IRS audits have declined steadily since the 1980s, but there are still some 1.5 million annual tax audits as of 2014. You still need to be prepared if you are selected for one of these tax audits. The first step is to figure out what kind of audit you are facing. Understand what you are required to do and what you don't have to comply with. Ensure that all of your requisite financial documents are in order and ready for the auditor.

Types of Audits

Individuals and small businesses are likely to face one of three kinds of audits. The first, most common and simplest is the Form 566(CG), also known as a correspondence audit. This audit is almost always issued to correct an error on your tax return or to seek explanation about information listed on the return.

The most comprehensive kind of audit you are likely to face is the Form 4564, or field audit. This is a full-scale investigation of your annual financial circumstances and takes place at your home or place of business.

Another audit you may see is the Form 3572, or in-office audit. This audit takes place at the IRS office and is in between the specificity of correspondence and field audits.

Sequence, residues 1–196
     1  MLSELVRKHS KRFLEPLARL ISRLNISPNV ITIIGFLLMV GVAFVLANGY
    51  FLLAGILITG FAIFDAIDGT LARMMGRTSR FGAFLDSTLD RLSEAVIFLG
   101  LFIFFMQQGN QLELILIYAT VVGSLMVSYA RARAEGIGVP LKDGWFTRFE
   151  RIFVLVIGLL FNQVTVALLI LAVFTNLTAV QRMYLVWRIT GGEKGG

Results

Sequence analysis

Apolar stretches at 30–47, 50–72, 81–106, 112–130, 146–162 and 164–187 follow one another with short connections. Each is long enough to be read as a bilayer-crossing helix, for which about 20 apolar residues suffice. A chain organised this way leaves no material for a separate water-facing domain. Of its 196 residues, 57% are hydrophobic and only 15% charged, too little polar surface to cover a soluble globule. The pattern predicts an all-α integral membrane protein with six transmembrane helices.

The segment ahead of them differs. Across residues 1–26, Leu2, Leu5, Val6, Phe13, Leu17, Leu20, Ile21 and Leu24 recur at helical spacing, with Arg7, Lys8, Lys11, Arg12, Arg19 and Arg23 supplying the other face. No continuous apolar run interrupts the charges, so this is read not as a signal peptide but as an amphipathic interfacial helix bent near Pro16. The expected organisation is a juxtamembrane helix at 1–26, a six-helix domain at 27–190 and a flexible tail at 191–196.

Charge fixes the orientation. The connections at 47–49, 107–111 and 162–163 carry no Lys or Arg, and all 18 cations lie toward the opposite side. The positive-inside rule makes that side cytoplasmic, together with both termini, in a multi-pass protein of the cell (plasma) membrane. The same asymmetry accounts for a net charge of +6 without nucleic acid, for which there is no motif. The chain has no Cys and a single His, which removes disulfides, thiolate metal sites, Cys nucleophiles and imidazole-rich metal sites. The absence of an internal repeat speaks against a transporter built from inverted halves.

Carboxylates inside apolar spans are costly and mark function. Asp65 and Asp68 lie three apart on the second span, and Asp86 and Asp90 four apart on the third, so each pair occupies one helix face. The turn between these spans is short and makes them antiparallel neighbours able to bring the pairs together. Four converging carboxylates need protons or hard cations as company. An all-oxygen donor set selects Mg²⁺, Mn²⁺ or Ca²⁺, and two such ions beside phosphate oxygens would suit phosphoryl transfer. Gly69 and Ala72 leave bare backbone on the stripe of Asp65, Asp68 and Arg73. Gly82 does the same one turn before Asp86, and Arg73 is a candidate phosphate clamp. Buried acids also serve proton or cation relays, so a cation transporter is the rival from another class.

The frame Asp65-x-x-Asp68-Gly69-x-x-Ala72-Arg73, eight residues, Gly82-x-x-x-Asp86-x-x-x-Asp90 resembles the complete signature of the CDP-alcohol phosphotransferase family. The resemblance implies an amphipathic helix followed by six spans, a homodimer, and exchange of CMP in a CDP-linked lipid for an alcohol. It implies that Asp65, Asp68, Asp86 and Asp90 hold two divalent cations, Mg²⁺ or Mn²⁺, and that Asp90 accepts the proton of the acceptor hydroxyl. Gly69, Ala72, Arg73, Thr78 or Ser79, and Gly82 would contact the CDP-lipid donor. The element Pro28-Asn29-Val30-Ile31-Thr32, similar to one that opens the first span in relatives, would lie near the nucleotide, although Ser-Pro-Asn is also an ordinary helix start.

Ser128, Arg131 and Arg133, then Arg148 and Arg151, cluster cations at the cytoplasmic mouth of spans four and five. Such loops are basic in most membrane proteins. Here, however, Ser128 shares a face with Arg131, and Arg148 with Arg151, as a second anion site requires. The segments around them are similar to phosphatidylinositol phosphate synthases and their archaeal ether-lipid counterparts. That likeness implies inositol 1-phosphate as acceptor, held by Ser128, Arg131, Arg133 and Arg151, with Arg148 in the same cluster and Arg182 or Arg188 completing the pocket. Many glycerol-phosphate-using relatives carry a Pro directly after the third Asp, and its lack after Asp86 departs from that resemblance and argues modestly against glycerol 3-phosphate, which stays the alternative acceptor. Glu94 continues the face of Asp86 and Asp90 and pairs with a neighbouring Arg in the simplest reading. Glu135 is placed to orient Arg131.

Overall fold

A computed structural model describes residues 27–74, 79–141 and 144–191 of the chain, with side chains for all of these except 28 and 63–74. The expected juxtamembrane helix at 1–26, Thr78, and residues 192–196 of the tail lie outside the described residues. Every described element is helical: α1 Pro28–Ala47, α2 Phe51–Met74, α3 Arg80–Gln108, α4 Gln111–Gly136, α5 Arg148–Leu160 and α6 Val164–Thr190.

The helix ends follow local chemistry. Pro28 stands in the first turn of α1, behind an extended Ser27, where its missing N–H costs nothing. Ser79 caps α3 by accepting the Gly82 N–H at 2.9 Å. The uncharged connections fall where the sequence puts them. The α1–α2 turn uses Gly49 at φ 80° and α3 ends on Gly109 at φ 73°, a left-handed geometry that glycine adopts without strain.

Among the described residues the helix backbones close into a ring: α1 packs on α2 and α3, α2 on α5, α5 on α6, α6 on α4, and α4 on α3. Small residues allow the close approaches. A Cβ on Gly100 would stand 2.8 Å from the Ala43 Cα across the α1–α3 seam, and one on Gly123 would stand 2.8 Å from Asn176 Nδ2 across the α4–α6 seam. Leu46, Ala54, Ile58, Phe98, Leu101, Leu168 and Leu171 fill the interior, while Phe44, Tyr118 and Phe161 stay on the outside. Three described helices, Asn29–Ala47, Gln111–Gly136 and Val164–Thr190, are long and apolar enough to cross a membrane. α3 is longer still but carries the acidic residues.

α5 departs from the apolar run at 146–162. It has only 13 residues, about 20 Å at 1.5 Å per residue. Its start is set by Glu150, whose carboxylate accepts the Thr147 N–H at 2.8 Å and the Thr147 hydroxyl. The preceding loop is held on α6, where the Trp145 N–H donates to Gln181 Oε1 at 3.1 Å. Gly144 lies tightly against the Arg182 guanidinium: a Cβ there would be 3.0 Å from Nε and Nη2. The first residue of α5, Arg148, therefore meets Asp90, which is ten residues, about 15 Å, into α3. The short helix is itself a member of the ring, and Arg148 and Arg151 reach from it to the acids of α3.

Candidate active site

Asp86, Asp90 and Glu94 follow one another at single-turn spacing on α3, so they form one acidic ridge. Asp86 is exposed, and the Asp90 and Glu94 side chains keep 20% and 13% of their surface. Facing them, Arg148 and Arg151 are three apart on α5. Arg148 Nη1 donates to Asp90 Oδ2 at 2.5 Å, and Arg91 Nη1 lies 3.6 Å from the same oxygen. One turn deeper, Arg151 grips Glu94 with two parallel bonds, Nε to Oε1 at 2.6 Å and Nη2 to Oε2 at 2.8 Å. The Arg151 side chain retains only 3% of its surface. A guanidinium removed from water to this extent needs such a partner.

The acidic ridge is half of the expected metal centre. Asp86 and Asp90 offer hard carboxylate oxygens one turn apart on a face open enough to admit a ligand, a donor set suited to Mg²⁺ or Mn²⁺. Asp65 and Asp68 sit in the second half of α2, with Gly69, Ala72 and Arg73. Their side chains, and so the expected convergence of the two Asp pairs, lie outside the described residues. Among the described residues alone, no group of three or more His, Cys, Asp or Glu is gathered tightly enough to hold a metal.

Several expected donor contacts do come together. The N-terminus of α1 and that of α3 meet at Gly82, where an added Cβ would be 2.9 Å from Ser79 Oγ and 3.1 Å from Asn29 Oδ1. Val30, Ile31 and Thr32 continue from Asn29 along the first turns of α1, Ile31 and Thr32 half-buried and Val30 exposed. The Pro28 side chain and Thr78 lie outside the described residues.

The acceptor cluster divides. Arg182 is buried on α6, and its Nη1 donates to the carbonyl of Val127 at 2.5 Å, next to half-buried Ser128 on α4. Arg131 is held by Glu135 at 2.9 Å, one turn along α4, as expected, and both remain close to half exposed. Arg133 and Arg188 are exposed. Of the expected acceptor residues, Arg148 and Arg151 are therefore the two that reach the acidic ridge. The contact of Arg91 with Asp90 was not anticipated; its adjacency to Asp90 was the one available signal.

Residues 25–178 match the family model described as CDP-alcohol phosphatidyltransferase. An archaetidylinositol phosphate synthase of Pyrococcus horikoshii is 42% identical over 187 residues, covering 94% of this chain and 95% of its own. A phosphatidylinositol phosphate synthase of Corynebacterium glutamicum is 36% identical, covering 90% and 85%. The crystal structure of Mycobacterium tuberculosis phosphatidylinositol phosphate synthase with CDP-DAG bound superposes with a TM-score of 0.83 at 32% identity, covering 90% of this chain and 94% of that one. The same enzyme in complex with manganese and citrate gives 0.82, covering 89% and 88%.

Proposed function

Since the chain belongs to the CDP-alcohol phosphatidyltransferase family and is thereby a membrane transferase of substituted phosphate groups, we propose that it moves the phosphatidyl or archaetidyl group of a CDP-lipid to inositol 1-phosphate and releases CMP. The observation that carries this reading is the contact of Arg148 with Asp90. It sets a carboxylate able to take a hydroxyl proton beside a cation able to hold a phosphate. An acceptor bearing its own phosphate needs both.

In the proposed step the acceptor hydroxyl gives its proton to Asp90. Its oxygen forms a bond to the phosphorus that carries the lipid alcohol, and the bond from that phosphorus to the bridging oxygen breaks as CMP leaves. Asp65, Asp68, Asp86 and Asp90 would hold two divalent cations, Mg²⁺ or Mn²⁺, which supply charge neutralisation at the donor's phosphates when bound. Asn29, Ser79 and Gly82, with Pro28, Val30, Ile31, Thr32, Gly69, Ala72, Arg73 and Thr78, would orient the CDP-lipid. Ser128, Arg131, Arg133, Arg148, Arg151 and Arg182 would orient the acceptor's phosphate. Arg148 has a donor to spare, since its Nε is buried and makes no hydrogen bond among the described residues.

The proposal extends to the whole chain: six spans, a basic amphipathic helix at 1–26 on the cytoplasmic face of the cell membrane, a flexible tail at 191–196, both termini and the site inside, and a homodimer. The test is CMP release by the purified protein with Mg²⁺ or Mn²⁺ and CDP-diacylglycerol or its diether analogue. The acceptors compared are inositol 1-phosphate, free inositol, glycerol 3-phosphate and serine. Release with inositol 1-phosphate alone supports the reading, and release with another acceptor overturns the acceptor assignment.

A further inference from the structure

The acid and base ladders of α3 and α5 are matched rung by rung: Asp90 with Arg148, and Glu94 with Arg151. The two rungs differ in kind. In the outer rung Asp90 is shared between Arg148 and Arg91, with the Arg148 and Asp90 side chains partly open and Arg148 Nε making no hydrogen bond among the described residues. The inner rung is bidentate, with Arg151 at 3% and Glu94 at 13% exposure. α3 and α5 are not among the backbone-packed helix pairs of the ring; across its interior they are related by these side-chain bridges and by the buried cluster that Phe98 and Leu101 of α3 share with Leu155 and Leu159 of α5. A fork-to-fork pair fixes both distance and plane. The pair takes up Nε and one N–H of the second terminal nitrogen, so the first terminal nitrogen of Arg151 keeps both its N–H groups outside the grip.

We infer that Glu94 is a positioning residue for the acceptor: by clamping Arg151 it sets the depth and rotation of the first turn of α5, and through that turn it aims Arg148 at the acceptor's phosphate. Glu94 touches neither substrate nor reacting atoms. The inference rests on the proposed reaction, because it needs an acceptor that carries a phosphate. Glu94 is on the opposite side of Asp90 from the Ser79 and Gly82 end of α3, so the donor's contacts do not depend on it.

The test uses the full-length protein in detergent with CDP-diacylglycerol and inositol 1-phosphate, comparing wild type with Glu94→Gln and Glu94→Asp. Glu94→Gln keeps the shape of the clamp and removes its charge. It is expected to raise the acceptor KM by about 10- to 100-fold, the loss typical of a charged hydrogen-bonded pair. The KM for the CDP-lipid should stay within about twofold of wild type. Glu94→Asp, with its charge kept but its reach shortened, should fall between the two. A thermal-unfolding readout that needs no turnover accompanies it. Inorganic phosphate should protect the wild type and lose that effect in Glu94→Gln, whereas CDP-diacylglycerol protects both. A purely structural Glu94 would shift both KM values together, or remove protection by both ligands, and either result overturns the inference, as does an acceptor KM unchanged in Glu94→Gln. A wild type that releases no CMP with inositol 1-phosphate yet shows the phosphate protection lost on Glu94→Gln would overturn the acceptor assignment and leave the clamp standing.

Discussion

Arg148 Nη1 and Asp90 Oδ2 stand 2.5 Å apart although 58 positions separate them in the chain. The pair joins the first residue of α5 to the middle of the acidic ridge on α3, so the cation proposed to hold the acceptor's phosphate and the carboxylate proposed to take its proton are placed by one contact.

Legal Obligations

You need to know how long you have to keep your records and how far back the IRS can demand to search. Normally, any records over the prior three years are fair game. The IRS can be very intimidating. Be sure you understand your rights and that you are prepared.

Records and Documents

Most of the legwork for an IRS audit is performed in the months and years prior to your audit. You should have a computer file or desk drawer with your records and other important information. You need to be able to back up all of your claims in your tax returns, and you need to be able to produce them in an orderly fashion.

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